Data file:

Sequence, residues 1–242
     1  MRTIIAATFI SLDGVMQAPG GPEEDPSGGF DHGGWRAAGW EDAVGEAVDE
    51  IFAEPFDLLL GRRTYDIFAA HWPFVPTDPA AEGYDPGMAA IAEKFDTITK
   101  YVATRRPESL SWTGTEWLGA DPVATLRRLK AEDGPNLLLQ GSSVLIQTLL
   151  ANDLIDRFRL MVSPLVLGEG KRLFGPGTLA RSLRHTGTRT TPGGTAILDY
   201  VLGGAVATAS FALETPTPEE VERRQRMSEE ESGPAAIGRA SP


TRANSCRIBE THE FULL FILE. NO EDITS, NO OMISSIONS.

Sequence, residues 1–242
     1  MRTIIAATFI SLDGVMQAPG GPEEDPSGGF DHGGWRAAGW EDAVGEAVDE
    51  IFAEPFDLLL GRRTYDIFAA HWPFVPTDPA AEGYDPGMAA IAEKFDTITK
   101  YVATRRPESL SWTGTEWLGA DPVATLRRLK AEDGPNLLLQ GSSVLIQTLL
   151  ANDLIDRFRL MVSPLVLGEG KRLFGPGTLA RSLRHTGTRT TPGGTAILDY
   201  VLGGAVATAS FALETPTPEE VERRQRMSEE ESGPAAIGRA SP